Wells Fargo & Co. is being sued over unneeded auto insurance coverage it allegedly added to car loan bills, with a proposed class of borrowers telling a California judge on Sunday that the bank ran a racketeering enterprise.
A half-dozen of Houston’s top lawyers were among the dozens of oil, finance and other executives who on Monday told the Texas governor a proposed “bathroom bill” that would bar transgender people from using a bathroom of their choice would hurt the state’s economy.
The case against four Teamsters who are accused of roughing up a “Top Chef” television crew in an extortion plot began Monday with jury selection in Boston federal court.
Former Maricopa County Sheriff Joe Arpaio could face jail time after an Arizona federal judge passed down a conviction for criminal contempt Monday, finding he continued having people not suspected of criminal activity detained based only on their immigration status, even after a court order blocked the practice.
The U.S. government sanctioned Venezuela’s President Nicolas Maduro on Monday, calling him a “dictator” after the country held elections for a new constituent assembly that U.S. officials say would undermine democratic processes and allow further control of an oppressive regime.
A government contractor pled guilty Monday to allegations he participated in a kickback scheme to rip off the U.S. Department of State on a $5.3 million contract related to an international police contract in Iraq.
A $100 million settlement between Halliburton Co. and disgruntled investors that awards one-third of the amount to class counsel is fair and reasonable, a Texas federal judge found Monday.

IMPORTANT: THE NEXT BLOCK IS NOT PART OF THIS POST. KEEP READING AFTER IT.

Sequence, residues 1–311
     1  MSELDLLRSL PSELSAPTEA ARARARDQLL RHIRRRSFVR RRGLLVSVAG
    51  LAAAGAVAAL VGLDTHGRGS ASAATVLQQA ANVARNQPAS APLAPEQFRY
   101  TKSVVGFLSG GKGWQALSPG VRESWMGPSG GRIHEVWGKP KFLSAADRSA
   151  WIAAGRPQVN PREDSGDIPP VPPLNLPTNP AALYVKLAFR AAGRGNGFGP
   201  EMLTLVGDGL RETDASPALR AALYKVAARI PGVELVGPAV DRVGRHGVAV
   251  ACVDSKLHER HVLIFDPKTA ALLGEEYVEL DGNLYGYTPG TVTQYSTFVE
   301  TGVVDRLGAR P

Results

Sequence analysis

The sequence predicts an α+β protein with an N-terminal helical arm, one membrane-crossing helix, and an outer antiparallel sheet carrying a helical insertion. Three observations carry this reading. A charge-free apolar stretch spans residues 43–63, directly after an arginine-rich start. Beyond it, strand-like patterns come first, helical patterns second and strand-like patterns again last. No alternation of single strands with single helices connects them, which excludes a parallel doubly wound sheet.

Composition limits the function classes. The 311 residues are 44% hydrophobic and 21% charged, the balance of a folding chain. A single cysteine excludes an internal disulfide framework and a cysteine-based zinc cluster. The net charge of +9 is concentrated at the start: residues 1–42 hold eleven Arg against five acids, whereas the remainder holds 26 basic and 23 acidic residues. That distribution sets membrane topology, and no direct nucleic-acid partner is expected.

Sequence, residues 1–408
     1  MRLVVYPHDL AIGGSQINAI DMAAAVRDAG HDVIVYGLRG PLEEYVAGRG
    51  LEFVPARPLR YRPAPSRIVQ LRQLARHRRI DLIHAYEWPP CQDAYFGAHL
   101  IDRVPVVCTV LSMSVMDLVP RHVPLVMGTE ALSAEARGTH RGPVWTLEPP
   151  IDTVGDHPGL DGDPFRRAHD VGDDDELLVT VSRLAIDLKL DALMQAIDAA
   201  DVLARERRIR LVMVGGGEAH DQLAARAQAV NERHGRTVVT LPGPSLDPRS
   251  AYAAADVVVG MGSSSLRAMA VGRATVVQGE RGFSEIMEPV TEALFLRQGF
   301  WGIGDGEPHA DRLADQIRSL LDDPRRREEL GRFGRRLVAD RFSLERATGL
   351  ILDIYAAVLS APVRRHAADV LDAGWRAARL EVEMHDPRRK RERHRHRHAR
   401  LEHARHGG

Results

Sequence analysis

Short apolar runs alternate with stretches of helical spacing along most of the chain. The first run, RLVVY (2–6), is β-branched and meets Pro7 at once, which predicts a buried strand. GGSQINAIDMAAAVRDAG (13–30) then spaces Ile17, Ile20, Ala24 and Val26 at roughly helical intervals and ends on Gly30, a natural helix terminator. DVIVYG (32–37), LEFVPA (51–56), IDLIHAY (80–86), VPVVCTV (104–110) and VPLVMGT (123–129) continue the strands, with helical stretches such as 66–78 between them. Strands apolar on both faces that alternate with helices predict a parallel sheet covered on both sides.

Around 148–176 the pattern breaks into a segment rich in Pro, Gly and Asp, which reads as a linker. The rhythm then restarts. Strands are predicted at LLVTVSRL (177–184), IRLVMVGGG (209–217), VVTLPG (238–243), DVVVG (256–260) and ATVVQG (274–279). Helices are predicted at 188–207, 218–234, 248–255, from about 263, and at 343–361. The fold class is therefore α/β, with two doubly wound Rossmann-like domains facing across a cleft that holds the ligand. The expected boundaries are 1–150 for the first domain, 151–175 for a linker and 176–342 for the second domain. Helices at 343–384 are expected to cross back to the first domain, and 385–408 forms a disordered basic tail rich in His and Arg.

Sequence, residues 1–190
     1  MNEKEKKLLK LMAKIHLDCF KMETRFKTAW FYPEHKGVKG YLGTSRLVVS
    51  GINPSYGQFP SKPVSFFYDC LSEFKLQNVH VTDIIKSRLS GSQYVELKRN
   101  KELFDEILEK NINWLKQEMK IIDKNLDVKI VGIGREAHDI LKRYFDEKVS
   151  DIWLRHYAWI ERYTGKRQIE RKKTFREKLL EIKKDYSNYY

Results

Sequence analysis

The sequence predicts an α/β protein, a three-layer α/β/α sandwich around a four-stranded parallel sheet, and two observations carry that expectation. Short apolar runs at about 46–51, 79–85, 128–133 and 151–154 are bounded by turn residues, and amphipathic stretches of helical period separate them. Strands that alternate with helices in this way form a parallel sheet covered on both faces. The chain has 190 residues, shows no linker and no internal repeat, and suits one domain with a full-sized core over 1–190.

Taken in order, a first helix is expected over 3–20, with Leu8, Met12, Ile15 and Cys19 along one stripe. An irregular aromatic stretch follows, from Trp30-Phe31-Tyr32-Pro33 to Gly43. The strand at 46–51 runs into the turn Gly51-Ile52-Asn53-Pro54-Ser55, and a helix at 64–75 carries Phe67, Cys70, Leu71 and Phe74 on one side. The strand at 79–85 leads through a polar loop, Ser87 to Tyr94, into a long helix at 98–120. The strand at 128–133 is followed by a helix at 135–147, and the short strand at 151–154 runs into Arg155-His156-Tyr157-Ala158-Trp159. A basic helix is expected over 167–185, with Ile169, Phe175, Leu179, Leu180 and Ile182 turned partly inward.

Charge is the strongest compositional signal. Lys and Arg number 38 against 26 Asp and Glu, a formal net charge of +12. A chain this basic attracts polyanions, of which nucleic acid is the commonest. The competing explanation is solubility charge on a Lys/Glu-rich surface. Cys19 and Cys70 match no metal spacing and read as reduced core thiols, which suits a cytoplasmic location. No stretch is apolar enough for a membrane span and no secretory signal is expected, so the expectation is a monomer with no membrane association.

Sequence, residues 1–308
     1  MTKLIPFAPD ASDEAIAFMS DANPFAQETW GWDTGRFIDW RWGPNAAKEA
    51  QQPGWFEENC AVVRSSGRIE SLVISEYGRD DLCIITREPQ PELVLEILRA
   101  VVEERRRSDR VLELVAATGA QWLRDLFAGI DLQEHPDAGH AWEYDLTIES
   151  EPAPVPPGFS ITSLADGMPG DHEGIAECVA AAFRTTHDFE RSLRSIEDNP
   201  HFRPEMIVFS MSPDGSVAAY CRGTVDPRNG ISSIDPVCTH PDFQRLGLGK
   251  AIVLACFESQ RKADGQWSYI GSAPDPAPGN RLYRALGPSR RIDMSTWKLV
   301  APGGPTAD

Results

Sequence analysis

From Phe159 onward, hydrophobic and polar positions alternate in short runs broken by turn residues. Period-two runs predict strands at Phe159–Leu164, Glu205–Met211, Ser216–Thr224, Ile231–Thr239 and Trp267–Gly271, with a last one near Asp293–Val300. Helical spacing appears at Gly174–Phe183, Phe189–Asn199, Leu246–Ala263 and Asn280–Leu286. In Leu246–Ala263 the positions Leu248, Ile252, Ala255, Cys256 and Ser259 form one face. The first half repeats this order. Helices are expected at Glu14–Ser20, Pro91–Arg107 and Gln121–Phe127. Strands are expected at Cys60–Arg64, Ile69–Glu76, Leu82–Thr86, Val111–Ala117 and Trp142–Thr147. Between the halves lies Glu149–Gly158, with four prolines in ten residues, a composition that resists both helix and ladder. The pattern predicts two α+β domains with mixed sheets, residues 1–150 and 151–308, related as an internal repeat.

A female Proskauer Rose LLP partner urged a Washington, D.C., federal court not to toss her $50 million gender bias suit before discovery Friday, rejecting the firm’s claim that as a firm partner she lacks the statutory protections given “employees.”
Ford Motor Co. said that it would cover the costs of repairing carbon monoxide problems in Ford Explorers used by police departments, following the National Highway Traffic Safety Administration’s expansion of its investigation into exhaust leaks in Explorer SUVs to 1.3 million cars.
The D.C. Circuit said Friday that the Federal Aviation Administration must properly examine the health and safety effects that shrinking commercial airline seats have on passengers, finding that the agency used shoddy reasoning to reject a passenger rights group’s petition to have the FAA regulate airline seat sizes.
Riders of Greater Boston’s commuter rail can’t sue the state’s main transit authority for botching service during the historic 2015 winter, the Massachusetts Appeals Court ruled Monday, finding that monthly train passes aren’t an ironclad guarantee of sticking to a published schedule.
A banking regulator appointed by President Donald Trump on Monday announced that he will not seek to eliminate the Consumer Financial Protection Bureau’s arbitration rule, leaving a potential vote in Congress the biggest threat to the regulation.
Discovery Communications Inc. said Monday it will buy Scripps Networks Interactive Inc. in a $14.6 billion cash-and-stock deal, including debt, following rumors a combination was in the works, adding brands like HGTV and Food Network to Discovery’s portfolio.
The D.C. Circuit on Friday upheld much of a decision slamming the Sudanese government with more than $10 billion in damages to victims of a 1998 terrorist attack, but struck punitive damages after finding that a terrorism law’s exemption allowance for them didn’t apply retroactively.
Five major German carmakers, Audi AG, Porsche AG, BMW AG, Mercedes-Benz USA and Volkswagen AG, along with a supplier got hit with an antitrust class action Friday in California federal court, with car owners alleging the companies conspired to share information and stunt innovation to save on costs.
Five more banks, including Morgan Stanley, on Friday reached settlements totaling $111.2 million with investors in the wide-ranging suit accusing the world’s largest banks of rigging foreign exchange rates, bringing total relief in the case to more than $2.1 billion.
Wal-Mart Stores Inc. asked a California federal judge Friday to deny a $20 million fee request by lawyers who won a $60.8 million wage judgment against the retailer on behalf of a class of truckers, saying plaintiffs’ attorneys had “jerry-rigged their fee request” and should only get $2.8 million.